Industrial 3D printers have existed since the early 1980s and have been used extensively for rapid prototyping and research purposes. These are generally larger machines that use proprietary powdered metals, casting media (e.g. sand), plastics or cartridges, and are used for rapid prototyping by universities and commercial companies. Industrial 3D printers are made by companies including 3D Systems, Objet Geometries, and Stratasys.
Advances in RP technology have introduced materials that are appropriate for final manufacture which has in turn introduced the possibility of directly manufacturing finished components. One advantage of 3D printing for rapid manufacturing lies in the relatively inexpensive production of small numbers of parts.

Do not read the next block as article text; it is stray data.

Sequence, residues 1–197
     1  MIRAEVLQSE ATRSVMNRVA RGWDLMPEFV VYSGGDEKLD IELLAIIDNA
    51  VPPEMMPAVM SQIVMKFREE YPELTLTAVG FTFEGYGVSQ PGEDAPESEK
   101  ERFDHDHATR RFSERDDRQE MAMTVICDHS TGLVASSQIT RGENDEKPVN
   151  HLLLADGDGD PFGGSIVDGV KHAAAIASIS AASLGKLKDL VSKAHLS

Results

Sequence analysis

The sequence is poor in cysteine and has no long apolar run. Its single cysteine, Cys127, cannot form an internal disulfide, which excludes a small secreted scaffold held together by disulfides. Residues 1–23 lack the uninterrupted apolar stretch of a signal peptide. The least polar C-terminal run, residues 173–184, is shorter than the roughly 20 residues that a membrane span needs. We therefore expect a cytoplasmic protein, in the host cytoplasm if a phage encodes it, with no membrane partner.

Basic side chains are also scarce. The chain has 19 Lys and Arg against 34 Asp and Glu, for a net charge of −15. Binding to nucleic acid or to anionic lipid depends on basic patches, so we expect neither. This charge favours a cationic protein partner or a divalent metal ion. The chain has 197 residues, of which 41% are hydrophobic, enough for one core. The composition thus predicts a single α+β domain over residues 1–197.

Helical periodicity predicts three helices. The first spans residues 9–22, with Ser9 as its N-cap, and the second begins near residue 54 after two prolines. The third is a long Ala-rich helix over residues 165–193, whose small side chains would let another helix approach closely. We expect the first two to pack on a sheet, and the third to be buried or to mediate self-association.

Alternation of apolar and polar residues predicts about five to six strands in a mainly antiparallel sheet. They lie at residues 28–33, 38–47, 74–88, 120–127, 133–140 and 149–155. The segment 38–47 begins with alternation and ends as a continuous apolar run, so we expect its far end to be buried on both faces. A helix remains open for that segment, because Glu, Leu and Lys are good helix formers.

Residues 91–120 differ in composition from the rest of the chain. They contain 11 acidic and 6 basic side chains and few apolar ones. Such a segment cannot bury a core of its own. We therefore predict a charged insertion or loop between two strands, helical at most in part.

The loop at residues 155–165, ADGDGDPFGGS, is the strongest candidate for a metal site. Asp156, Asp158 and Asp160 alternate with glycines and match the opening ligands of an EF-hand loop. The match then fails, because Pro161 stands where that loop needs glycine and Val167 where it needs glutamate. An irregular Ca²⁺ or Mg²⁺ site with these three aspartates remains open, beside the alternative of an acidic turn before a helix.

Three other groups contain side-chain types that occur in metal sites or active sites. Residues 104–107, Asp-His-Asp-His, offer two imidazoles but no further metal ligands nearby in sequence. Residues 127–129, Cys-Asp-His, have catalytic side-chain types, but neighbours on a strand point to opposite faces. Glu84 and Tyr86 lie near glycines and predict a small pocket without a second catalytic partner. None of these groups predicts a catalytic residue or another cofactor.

Rapid manufacturing is a new method of manufacturing and many of its processes remain unproven. 3D printing is now entering the field of rapid manufacturing and was identified as a “next level” technology by many experts in a 2009 report. One of the most promising processes looks to be the adaptation of laser sintering (LS), one of the better-established rapid prototyping methods. as of 2006, however, these techniques were still very much in their infancy, with many obstacles to be overcome before RM could be considered a realistic manufacturing method.
Companies such as MakieLab and Kodama Studios have created services where consumers can customize objects using simplified web based customization software, and order the resulting items as 3D printed unique objects.
Full color miniature face models produced on a Spectrum Z510 3D Printer.